Friday , September 22 2017 US

Dems’ dangerous denial

Report: Leaderless Democrats fear they could get steamrolled

December 14, 2016

A good confidence man knows that his marks will do most of the work for him – if you just give them a chance.

People want to believe. And desperate people want desperately to believe, grasping at even the thinnest threads of hope.

Which brings us to the Democrats, circa December 2016…

The 50 states and the District of Columbia had all certified their results as of Monday: 306 votes for Republican Donald Trump and 232 for Democrat Hillary Clinton, the fewest electoral votes for any member of her party since 1988.

Now, state elections officials are summoning the 538 electors to the various capitols to cast their ballots on Monday, the results of which will be transmitted to Washington for recording and certification.

And then, the election will finally, blessedly be finished. We expect to see no tears at the interment. But in the five days that remain, some supporters of Clinton are making sure that there will be no death with dignity for this seemingly endless contest.

We have discussed the attempt to get federal intelligence agencies to provide the electors briefings about Russian interference in the campaign in a bid to prejudice them against Trump. The electors are bound by law to reflect the popular votes of their states, but as has sometimes happened before, they can chose to defy the law.

Think of it this way: Pass interference is illegal in football, but a defender might decide that stopping a touchdown is worth a 15-yard penalty.

Eminent political gadfly Lawrence Lessig a Harvard law professor, has offered to provide free legal representation to any renegade electors. He claims that as many as 20 Republican electors bound to Trump are considering defying the voters and casting their ballots for someone else. Not necessarily Clinton, mind you, but just not Trump.

Let’s assume, for the sake of folly, that was so. Lessig would still need 17 more just to put Trump under the required 270 votes. And if he could manage that, it would throw the election to the House… where Trump would win.

Peddling this hokum is certainly harmful to those – like the backers of the Green Party’s costly and pointless Midwestern recount push – who fall for it. As the Republicans who mounted increasingly absurd gambits to deny Trump the nomination found out, denial only sharpens the pain when the ax eventually falls.

But there is damage here beyond the shattered hopes of the true believers.

Worst of all, this bitter-enderism further degrades confidence in our already weakened institutions. Refusing to accept the results of a duly conducted election is straight Banana Republic business. We will all be poorer for the degree to which first Trump and now Team Clinton are diminishing our system of elections itself.

But there’s also the fact that this endeavor, which has the support of Clinton’s former campaign chairman, is ensuring that Democrats will take exactly the wrong lessons from their defeat.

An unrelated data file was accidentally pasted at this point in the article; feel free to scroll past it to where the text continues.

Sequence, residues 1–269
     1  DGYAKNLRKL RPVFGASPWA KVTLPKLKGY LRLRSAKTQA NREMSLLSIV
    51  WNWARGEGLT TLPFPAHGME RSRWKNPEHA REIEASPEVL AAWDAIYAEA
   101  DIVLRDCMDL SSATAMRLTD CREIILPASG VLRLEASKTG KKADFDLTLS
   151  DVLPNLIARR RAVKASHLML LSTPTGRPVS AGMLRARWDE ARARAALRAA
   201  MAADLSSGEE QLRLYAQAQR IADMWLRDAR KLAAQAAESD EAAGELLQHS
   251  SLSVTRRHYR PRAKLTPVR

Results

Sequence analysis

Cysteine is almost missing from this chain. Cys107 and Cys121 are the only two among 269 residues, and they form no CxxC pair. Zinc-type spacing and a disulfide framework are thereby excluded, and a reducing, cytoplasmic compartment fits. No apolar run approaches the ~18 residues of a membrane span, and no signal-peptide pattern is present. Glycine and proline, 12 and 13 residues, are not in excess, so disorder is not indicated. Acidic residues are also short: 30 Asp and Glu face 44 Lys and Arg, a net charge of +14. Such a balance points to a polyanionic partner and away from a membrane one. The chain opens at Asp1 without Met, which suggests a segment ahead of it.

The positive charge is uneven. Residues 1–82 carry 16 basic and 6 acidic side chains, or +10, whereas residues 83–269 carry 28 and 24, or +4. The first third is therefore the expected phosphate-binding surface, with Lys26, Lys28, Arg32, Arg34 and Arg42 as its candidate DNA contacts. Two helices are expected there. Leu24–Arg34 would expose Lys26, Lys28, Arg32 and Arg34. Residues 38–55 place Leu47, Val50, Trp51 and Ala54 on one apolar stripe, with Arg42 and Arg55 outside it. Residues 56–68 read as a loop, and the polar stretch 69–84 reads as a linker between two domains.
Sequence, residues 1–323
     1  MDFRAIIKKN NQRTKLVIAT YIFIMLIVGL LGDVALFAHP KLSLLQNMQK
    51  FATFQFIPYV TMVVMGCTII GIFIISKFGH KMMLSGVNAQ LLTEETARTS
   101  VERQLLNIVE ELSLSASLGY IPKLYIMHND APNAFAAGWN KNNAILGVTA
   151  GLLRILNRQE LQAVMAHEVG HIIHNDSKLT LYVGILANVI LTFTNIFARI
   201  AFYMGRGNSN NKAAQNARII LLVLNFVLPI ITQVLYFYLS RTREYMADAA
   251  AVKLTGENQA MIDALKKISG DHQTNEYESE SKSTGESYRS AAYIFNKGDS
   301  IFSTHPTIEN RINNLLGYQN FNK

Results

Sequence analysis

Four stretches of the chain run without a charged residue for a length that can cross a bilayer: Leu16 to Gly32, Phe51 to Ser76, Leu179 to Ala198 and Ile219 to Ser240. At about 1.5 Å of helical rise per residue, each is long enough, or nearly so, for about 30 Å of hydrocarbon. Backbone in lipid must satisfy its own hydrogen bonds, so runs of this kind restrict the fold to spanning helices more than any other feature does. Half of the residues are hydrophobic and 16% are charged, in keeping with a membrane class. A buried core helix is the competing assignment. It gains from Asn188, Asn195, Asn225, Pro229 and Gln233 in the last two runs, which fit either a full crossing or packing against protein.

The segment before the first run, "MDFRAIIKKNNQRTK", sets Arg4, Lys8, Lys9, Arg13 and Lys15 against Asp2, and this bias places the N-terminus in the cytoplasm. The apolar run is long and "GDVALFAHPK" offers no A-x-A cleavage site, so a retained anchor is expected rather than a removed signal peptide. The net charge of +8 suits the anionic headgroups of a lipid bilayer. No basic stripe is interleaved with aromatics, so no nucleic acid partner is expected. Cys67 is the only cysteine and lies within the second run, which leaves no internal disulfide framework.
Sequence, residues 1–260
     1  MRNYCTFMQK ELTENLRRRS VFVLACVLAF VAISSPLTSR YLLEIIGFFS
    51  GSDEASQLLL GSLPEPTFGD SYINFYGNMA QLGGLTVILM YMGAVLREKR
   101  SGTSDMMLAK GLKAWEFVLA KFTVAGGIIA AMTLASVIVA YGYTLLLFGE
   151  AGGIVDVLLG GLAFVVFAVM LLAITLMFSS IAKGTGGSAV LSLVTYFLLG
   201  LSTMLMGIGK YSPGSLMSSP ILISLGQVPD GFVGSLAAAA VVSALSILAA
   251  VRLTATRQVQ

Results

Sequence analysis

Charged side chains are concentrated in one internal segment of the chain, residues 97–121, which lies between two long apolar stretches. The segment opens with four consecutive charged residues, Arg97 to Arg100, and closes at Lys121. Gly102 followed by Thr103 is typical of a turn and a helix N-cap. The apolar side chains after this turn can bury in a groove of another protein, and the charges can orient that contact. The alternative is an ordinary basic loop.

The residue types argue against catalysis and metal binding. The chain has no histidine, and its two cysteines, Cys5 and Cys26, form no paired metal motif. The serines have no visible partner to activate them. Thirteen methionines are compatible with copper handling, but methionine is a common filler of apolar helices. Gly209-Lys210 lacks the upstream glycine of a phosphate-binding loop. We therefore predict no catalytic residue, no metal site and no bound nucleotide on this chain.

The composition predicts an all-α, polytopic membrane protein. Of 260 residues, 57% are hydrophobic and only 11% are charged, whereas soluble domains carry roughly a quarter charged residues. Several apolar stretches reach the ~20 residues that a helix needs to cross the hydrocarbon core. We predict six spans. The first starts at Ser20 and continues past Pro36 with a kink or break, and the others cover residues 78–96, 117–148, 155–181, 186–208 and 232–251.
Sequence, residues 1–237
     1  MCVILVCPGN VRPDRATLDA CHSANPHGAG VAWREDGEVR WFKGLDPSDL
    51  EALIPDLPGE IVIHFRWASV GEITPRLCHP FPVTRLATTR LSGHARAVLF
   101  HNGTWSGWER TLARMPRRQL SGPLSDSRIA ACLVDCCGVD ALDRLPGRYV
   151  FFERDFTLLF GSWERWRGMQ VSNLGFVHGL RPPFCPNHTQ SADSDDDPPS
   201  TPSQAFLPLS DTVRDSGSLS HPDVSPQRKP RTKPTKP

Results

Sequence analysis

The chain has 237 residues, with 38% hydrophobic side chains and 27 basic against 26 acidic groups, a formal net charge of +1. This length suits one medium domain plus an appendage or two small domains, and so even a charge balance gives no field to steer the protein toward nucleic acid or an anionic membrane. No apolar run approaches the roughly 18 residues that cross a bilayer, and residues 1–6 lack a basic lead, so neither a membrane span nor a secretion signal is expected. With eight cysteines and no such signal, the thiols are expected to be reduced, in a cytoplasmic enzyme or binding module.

The fast-hardening conventional wisdom on the Blue Team goes something like this: A toxic stew of sexism and white nationalism fueled Trump’s success with blue-collar white voters but Clinton couldn’t rally her own counteroffensive because Russian hackers and FBI Director James Comey kept dropping bombs on her head.

You can certainly preach it that way. And when Clinton gathers with her biggest donors Thursday at a campaign wrap party at the Plaza Hotel in New York, there will be lots of versions of what the campaign’s communication director said at a CNN post-election slugfest between the two staffs: “I would rather lose than win the way you guys did.”

Feeling virtuous about a defeat is nothing new. Many Republicans believed that their party lost four years ago by bribing voters with “free stuff” or that their nominee was too gentlemanly.

But the lesson in these tropes about the cause of Clinton’s defeat could greatly prolong the party’s time in the wilderness.

Rather than nodding knowingly about Russian hacks and Trump’s army of internet toads, Democrats would be better off spending their time reading Edward-Isaac Dovere’s piece on the staggering dysfunction of the Clinton campaign.

It reveals a campaign that became exactly what Democrats had feared: top-heavy, wasteful, musclebound and unable to adapt. The anecdotes would be heartbreaking for any Democrat: the desperate calls from state activists, the wasted money, the irrational data dependency. Simply a disaster.

We can say without any fear of correction that no campaign has ever spent more to achieve less.

With a weak candidate who has famously bad political judgment – you know, the kind of person who opts to run for president while under federal investigation – a campaign has to fill in the gaps. The Clinton campaign reinforced rather than compensated for her weaknesses: aloof, unadaptable and brittle.

But Democrats would rather focus on Russian interference. It’s understandable they would rather not face their own faults just yet, but they ought to think about the message they’re sending to voters.

As Megan McArdle perfectly put it: “‘The American voter had too much information about the Democrats’ is not a ringing slogan with which to argue that their party should really have won.”

A little self-pity after a big loss is understandable. But even the 2000 election had been settled by this point. It’s time for Democrats to get on with the hard part and start taking their own inventory.